Saturday, May 19, 2012

Largest USA Banks Ratings: Capital One & U.S. Bancorp Tops, Goldman Sachs Last

The Largest USA Banks have reported first quarter 2012 financial results. In the prior post, I reviewed the market cap of the American mega banks. In this post I rate them. There was little change from the prior quarterly ratings. There is one downgrade, Morgan Stanley drops from D- to F-. There are no upgrades.

Above Average Capital One and U.S. Bancorp are the leaders at A, followed by PNC Financial Services and Wells Fargo at A-. These 4 banks have moved positively beyond the 2008 financial crisis. Bank of New York Mellon is a respectable B+. Bank of America is next, perhaps a surprise to some, with a ranking of C+. Despite the negative media hype, capital is strong. However, return on assets is inadequate. Bank of America financial performance has been extraordinarily volatile and the ranking could move up or down in the next QE June 2012.

Below Average JPMorgan Chase follows at D, despite CEO Jamie Dimon's trumpeting of the JPM "fortress balance sheet" of $2+ trillion. However, financial position and performance are adequate. Next is Citigroup at D-, just below the median rating of D. Morgan Stanley dropped from D- to F-. Trailing the field is the once mighty Goldman Sachs at a dismal G+. Capital is questionable. The Average Rating for the 9 Largest USA Banks is C for this quarter, above the median score of D in the overall rating system.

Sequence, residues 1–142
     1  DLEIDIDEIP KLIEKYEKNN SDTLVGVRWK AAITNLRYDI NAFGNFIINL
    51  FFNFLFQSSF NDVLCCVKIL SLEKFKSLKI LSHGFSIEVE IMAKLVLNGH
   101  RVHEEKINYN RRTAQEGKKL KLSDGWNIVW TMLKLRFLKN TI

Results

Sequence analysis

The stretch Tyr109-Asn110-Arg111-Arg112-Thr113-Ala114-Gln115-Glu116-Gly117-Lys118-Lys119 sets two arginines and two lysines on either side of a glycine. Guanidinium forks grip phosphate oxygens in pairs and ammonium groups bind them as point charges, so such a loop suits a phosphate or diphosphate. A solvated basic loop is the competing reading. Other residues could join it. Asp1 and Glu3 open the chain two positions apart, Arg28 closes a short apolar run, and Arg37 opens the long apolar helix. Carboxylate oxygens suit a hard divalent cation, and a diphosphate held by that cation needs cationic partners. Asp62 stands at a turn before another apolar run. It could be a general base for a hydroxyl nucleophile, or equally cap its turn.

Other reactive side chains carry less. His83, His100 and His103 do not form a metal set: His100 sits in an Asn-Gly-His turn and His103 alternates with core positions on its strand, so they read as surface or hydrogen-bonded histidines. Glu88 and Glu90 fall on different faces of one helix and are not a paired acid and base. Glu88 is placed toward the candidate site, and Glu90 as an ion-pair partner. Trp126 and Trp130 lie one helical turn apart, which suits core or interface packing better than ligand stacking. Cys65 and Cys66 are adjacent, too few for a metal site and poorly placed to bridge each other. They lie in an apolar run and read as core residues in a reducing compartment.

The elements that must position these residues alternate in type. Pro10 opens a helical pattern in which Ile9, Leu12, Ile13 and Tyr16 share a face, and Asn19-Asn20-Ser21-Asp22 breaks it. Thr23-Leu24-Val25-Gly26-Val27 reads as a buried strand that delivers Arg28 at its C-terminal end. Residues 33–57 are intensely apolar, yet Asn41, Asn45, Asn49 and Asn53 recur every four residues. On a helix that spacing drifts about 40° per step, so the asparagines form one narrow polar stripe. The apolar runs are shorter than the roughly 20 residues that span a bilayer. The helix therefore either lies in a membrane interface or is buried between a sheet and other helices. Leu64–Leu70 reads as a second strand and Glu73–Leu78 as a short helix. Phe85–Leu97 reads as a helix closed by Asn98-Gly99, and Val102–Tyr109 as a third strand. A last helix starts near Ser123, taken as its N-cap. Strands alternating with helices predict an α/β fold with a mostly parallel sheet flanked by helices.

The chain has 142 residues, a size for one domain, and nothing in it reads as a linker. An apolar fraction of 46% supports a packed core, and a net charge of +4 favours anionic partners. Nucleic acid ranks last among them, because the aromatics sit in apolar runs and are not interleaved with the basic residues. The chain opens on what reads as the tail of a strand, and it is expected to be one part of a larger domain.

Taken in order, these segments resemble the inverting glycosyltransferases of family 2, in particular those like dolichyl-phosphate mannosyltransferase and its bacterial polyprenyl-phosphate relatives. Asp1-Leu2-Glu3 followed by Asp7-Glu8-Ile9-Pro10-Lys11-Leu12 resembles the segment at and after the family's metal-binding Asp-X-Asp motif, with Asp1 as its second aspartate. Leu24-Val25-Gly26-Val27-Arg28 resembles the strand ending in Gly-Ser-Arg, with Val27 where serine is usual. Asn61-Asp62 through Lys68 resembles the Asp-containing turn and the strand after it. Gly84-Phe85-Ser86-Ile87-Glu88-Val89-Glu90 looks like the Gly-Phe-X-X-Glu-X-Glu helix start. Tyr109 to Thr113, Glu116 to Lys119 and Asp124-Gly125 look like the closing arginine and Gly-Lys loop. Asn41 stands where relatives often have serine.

Rating, Bank, Change
A    Capital One
A    U.S. Bancorp
A-   PNC Financial Services
A-   Wells Fargo
B+  BNY Mellon
C+  Bank of America
D    JPMorgan Chase
D-   Citigroup
F-   Morgan Stanley (down from D-)
G+  Goldman Sachs
C    Average

Largest USA Banks Rankings The Largest 10 USA banks ratings are presented below in a percentage format. The ratings range from A+ (100%) to G- (0%).

Based on fundamental analysis of both financial position and performance on a short-term and long-term basis, the largest 9 USA banks rankings have been updated with a composite score. There is no subjectivity involved from quarter to quarter, just objective data. The ratings are the result of the output from a model, with March 31, 2012 financial statement data input.

The score can range from a high of A+ to a low of G-, a total of 21 tiers. The median score is D in this rating system. The average score varies each quarter.

Financial position strength, notably the capital ratio, is weighted more than financial performance. Therefore, the rating is primarily a gauge of financial position, balance sheet strength, which indicates the ability of the bank to withstand a downturn in financial performance from either internal or external events. The rating is secondarily a gauge of financial performance, both short-term and long-term. A measure of financial safety and soundness, not future financial performance, is the predominate intent of the ratings.


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